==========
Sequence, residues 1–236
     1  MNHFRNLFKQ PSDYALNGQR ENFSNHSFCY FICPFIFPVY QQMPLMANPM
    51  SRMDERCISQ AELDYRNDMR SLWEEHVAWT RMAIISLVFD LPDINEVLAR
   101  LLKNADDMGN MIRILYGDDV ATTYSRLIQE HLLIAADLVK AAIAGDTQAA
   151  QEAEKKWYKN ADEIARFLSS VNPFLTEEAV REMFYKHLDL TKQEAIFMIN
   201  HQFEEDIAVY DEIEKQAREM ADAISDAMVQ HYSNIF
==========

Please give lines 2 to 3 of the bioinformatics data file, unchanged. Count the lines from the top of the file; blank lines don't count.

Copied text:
     1  MNHFRNLFKQ PSDYALNGQR ENFSNHSFCY FICPFIFPVY QQMPLMANPM
    51  SRMDERCISQ AELDYRNDMR SLWEEHVAWT RMAIISLVFD LPDINEVLAR